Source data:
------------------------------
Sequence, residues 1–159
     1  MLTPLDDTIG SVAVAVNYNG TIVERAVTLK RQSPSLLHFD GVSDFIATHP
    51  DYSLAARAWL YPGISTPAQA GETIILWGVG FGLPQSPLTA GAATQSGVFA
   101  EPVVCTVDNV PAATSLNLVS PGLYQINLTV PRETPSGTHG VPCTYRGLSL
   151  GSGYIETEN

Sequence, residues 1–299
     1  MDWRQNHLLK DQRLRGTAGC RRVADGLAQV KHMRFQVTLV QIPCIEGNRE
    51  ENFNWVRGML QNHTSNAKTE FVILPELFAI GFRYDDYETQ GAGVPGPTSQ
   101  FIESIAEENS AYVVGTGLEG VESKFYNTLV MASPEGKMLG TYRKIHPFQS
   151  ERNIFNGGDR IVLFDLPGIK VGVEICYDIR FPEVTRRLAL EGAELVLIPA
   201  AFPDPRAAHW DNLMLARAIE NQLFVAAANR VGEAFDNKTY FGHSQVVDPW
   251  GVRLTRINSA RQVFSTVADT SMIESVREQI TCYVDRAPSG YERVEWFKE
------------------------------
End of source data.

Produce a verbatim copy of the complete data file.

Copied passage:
Sequence, residues 1–159
     1  MLTPLDDTIG SVAVAVNYNG TIVERAVTLK RQSPSLLHFD GVSDFIATHP
    51  DYSLAARAWL YPGISTPAQA GETIILWGVG FGLPQSPLTA GAATQSGVFA
   101  EPVVCTVDNV PAATSLNLVS PGLYQINLTV PRETPSGTHG VPCTYRGLSL
   151  GSGYIETEN

Sequence, residues 1–299
     1  MDWRQNHLLK DQRLRGTAGC RRVADGLAQV KHMRFQVTLV QIPCIEGNRE
    51  ENFNWVRGML QNHTSNAKTE FVILPELFAI GFRYDDYETQ GAGVPGPTSQ
   101  FIESIAEENS AYVVGTGLEG VESKFYNTLV MASPEGKMLG TYRKIHPFQS
   151  ERNIFNGGDR IVLFDLPGIK VGVEICYDIR FPEVTRRLAL EGAELVLIPA
   201  AFPDPRAAHW DNLMLARAIE NQLFVAAANR VGEAFDNKTY FGHSQVVDPW
   251  GVRLTRINSA RQVFSTVADT SMIESVREQI TCYVDRAPSG YERVEWFKE